Let’s use your example of working with an architect and creating a home. This is a highly complex, multi-phased journey that necessitates a collaborative process with the architectural firm.
There exist at least 7 design phases to architectural services: Pre-Design, Feasibility Study, Schematic Design, Design Development, Construction Documents, Bidding, and Construction Administration. Each of these phases involves dozens of steps.
The client may decide to hire another firm to perform one or more phases. The client may request multiple design options, a physical model, and 3D renderings during the Schematic Phase,
The fee charged by the architectural firm will greatly vary based upon the number of services and options the client chooses. The client will only choose those options that they perceive will provide substantial value to them. The more options the client chooses, the more value they believe they will receive, the higher the fee.
That makes sense..but I assumed the Consultant story was about charging for advice only…rather than including ‘add on’ services that were available..
That’s why I’m not sure if an architect is a good example..
Let’s say I’m a biz owner..and I hire a tax consultant to determine how I might be able to lower my tax burden..
I think I’d expect specific advice to accomplish my goal..that may include some very specific actions I could take..and I’d expect whatever fee I was paying..to cover those various options my consultant recommended..or suggested..
Many consultants give advice and sell services. There is a trust problem here, a potential conflict of interest. If the advisor is not making any money from giving advice, and only gets paid when the client purchases a service, how certain can the client be that the advice is really in his or her best interests? Even when you charge for the advice, this can still be a concern. It really matters how you present yourself and your advice.
That’s interesting…I’m not experienced at all in the biz of consulting..but as a service provider..in my case..janitorial services..I’m used to service contracts that outline specific services at pre determined intervals–based on my client’s service requirements..which more or less..conform to basic industry standards..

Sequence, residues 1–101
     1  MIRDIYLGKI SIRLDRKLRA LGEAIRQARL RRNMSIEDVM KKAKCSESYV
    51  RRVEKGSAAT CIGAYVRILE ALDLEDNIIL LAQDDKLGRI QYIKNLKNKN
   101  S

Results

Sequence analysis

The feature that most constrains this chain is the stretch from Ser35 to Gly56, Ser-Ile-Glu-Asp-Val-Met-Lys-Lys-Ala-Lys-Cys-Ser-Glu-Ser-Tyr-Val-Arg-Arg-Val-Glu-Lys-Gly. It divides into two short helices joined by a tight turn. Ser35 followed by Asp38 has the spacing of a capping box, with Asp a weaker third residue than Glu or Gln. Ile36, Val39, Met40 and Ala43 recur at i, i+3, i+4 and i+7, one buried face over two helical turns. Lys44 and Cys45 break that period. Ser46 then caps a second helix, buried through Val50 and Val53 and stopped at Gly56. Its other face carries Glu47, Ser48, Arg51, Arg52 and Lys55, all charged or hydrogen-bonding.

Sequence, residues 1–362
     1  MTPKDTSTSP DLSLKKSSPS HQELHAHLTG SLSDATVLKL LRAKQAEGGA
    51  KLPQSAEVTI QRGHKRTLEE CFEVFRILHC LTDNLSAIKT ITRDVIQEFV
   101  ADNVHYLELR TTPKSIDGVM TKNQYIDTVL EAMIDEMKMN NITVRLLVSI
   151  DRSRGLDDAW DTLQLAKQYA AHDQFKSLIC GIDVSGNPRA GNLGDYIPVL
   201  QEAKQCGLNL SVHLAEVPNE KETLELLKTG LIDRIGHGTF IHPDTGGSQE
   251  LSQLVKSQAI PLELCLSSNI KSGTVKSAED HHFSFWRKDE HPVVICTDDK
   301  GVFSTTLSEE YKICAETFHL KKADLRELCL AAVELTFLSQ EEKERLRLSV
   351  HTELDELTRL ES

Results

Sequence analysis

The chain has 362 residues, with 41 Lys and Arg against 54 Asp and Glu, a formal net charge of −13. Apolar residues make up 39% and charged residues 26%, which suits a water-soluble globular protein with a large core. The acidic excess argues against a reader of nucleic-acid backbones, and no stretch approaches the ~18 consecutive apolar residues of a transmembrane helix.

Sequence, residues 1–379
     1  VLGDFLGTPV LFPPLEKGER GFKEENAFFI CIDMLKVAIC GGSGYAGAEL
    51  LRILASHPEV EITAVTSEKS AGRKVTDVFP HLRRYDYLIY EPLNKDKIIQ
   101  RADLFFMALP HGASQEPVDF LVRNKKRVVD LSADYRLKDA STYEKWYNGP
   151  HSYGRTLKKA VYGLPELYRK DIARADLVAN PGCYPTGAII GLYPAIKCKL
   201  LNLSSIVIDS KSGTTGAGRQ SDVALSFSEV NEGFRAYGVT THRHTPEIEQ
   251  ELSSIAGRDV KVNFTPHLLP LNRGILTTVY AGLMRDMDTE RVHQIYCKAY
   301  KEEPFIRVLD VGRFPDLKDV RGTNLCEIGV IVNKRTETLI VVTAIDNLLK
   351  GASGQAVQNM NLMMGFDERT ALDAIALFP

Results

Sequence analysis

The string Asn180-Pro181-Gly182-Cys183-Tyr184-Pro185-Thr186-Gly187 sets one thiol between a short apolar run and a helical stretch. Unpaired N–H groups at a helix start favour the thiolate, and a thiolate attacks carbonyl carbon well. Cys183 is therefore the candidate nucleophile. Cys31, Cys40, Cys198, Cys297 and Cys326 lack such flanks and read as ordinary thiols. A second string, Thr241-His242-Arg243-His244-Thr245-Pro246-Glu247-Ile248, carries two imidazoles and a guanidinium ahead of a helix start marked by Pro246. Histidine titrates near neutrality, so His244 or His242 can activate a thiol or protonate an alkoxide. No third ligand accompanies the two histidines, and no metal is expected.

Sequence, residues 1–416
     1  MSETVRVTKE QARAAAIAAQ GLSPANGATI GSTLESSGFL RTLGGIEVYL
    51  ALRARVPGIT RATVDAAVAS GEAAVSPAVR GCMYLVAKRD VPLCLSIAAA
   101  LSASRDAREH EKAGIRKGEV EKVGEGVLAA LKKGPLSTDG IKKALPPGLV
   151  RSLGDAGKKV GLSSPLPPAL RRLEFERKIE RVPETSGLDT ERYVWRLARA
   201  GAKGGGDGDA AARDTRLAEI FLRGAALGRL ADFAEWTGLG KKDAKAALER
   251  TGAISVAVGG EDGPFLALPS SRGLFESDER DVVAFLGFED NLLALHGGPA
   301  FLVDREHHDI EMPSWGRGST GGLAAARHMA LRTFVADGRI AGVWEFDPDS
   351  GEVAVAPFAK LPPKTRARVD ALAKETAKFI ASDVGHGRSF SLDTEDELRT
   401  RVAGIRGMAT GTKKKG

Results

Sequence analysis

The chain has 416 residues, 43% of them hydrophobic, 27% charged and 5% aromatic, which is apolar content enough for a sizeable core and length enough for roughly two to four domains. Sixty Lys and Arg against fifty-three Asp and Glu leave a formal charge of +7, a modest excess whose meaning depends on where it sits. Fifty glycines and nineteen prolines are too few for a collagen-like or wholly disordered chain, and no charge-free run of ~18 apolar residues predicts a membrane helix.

My guess is that you would not find yourself in a consulting role very often, if ever. In that case, “Classic” High Probability Selling will probably apply to you better than the consulting version.
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I have learned more about the relationship between HPS and consulting as a result of discussing this topic in-depth with you and Carl.
I am preparing for a future career as a consultant so let me thank you for contributing your comments to this article.
By the way, what inspired you to join the HPS blog?
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Thanks Carl and Julius,
I’m a big fan of HPS..I took a training class in HPS led by Jacques Werth a long time ago..its really had an impact and an influence on me..
Also, I’m very excited about the innovations and listening to other HPSers and learning from their experiences..
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In reading thru some of your comments again..what struck me was..if I approached a prospect..offering DAILY services..it wasn’t uncommon for a prospect to ask for something different..like a prospect preferring for 3x a wk service instead..in which I simply adjusted to their request-if it made sense biz wise..in our biz it wasn’t uncommon to do a preliminary site visit ‘walk thru’ to determine exactly how we’d clean the building–with how much labor, materials and equipment..and to determine the bid price for the contract–so in a sense we were ‘consulting’–as in sharing our expertise on how to deliver the cleaning services they were looking for..
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Speaking of “bids”, I get some of my leads from “Gig” websites where several vendors send quotes. I would prefer not to be among several bidders where I don’t have the opportunity to talk with a prospect or develop a relationship based on Trust, Respect, and Mutual Commitments before preparing a bid.
Anyway, I’m looking forward to learning more with Carl and his team about how to better approach “Inbound Prospects” with HPS techniques. I’m also excited about being a part of the Facebook HPS discussion group!
I think you’re in the right place!!